Updated: Dec 25, 2011 09:58 PM
By BOB GLAUBER
With his team facing a worthy NFC foe on Christmas Eve and a playoff spot hanging in the balance, the quarterback produced a miserable performance in a blowout loss, leading to increasing questions about whether he truly is the long-term answer for the franchise.
He had been acquired in a blockbuster first-round trade three years earlier, but the wretched showing in the next-to-last game of the season created even more uncertainty about his future. There was a growing consensus from the fans -- and even many in the pro football personnel community -- that the quarterback might amount to nothing more than the latest NFL bust.
Mark Sanchez ?
No, Eli Manning .
Go back exactly five years to the day, and you'll see that Manning was coming off an atrocious showing in a 30-7 loss to the Saints in New Orleans. He was 9-for-25 for 74 yards, one touchdown and an interception. The Giants fell to 7-8, Tom Coughlin 's job was on the line, and only a win over the Redskins in the final week of the season would put them in the playoffs and get Coughlin into the 2007 season as head coach.
The Giants got that win, but not before Coughlin made a bold move that ultimately benefited his franchise quarterback.
With major questions swirling about how the Giants were handling the play-calling for Manning, Coughlin replaced offensive coordinator John Hufnagel with quarterbacks coach Kevin Gilbride , who previously had called plays for Coughlin in Jacksonville.
A year later, Coughlin, Manning and the Giants won the Super Bowl .
Now it's time for Rex Ryan to make a similarly bold move and replace Brian Schottenheimer with offensive line coach Bill Callahan .
With Sanchez struggling to take the next step in his development and with Schottenheimer's inconsistent play-calling adding to the problem, Ryan needs to take decisive action and turn to Callahan, a former offensive play-caller who led the 2002 Raiders to Super Bowl XXXVII with journeyman quarterback Rich Gannon .
Ryan might not consider the timing right to make that change for this week's game against the Dolphins because of his fierce loyalty to Schottenheimer, who might wind up as a candidate for Miami's head-coaching position. But the Jets' third-year head coach needs to find a better answer for dealing with Sanchez, who is coming off one of the most ineffective performances in his three years with the Jets.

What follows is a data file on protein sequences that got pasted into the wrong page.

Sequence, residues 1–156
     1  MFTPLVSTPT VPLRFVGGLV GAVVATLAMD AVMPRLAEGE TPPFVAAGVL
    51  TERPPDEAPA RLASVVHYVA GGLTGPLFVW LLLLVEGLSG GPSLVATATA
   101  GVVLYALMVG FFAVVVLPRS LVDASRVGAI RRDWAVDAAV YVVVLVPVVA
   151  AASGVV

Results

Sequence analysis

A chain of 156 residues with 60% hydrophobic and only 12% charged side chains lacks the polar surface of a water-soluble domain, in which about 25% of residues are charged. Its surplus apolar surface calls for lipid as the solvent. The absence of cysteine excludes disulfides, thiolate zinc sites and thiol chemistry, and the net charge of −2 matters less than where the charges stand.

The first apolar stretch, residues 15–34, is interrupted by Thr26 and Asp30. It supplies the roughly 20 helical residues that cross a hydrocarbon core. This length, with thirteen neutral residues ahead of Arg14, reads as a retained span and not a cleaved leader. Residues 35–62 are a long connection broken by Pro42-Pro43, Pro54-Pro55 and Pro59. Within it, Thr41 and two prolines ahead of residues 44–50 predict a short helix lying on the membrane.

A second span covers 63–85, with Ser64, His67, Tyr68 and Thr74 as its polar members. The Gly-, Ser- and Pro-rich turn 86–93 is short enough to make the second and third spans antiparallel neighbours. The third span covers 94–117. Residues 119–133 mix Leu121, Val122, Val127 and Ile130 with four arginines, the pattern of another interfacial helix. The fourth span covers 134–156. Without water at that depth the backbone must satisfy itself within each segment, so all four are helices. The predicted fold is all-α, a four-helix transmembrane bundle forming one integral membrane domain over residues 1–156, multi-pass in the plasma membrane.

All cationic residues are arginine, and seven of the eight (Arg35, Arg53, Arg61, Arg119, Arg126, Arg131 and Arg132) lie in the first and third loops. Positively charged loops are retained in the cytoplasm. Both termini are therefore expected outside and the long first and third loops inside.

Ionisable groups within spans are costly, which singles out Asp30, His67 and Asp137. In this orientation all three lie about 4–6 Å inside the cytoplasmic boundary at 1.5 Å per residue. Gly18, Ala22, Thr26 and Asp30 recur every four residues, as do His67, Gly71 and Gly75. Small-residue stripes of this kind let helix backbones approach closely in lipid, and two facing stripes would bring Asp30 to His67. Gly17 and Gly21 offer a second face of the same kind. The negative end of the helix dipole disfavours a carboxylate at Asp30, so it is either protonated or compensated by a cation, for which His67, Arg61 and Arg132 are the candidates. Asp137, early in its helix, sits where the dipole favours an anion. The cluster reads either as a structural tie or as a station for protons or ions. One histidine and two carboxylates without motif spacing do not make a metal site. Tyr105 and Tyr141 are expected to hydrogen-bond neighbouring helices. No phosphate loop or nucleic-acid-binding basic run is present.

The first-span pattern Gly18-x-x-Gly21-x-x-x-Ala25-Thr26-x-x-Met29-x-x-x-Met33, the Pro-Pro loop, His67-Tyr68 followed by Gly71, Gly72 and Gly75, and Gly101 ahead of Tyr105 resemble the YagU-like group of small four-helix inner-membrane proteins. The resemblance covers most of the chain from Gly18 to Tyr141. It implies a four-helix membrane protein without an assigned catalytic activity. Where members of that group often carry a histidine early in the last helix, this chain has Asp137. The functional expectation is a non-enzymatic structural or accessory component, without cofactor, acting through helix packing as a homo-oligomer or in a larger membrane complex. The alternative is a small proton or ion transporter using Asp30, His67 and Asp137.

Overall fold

Sanchez threw two interceptions, was sacked for a safety, fumbled once and had two other fumbles reversed by replay review in a 29-14 loss to the Giants on Saturday. The Jets' chances of making the playoffs now are perilously thin.
But it's not just the fact that the Jets lost; it's the way they lost as it related to Schottenheimer's play-calling and a continuing pattern of failing to get the most out of his young quarterback.
Like Hufnagel with Manning five years ago, Schottenheimer isn't putting Sanchez in the best position to succeed. The fact that he had Sanchez drop back a whopping 64 times -- 64! -- against a Giants team that features the best pass-rushing defensive line in the game was stunning. Especially when the Jets' running game was performing so well, especially on inside runs that attacked the Giants' defensive tackles.
Sanchez wound up being sacked five times, was hit hard on several other occasions after releasing the ball and couldn't sustain the Jets' offense late in the game.
He may be the NFL 's most prolific comeback quarterback of the last two seasons with 10 wins in the final quarter or overtime, but not getting his 11th against the Giants -- or leading the Jets to a victory of any kind -- was a huge miss.
Questions now are swirling about whether Sanchez really is the future of the franchise or whether the team will consider other alternatives. Some have suggested trading for Peyton Manning if he's available, but the Jets have been down this road before with Brett Favre . Not only that, but there's no guarantee that Manning, who has had three neck surgeries in the last two seasons, can continue much longer.
You want to draft another quarterback and spend another three years waiting for him to develop? With very few viable alternatives on the free-agent or trade markets, there isn't much out there.
The feeling here is that Ryan needs to go with Callahan and install the simpler, higher-percentage passing game of his West Coast offense before scrapping the Sanchez era altogether.
It may be that Sanchez isn't the answer. But it also may be that he's not in a system that allows him to flourish the way Gannon, a fourth-round pick in 1987, once did for Callahan.
It's easier -- and better -- to change a coach to see if he can fix the quarterback. Whether it's this week or next, when the Jets might be out of the playoff picture, it's time for Ryan to make his move.
After another Christmas Eve nightmare showing, it's time to see if he can do for Sanchez what Coughlin did for Manning.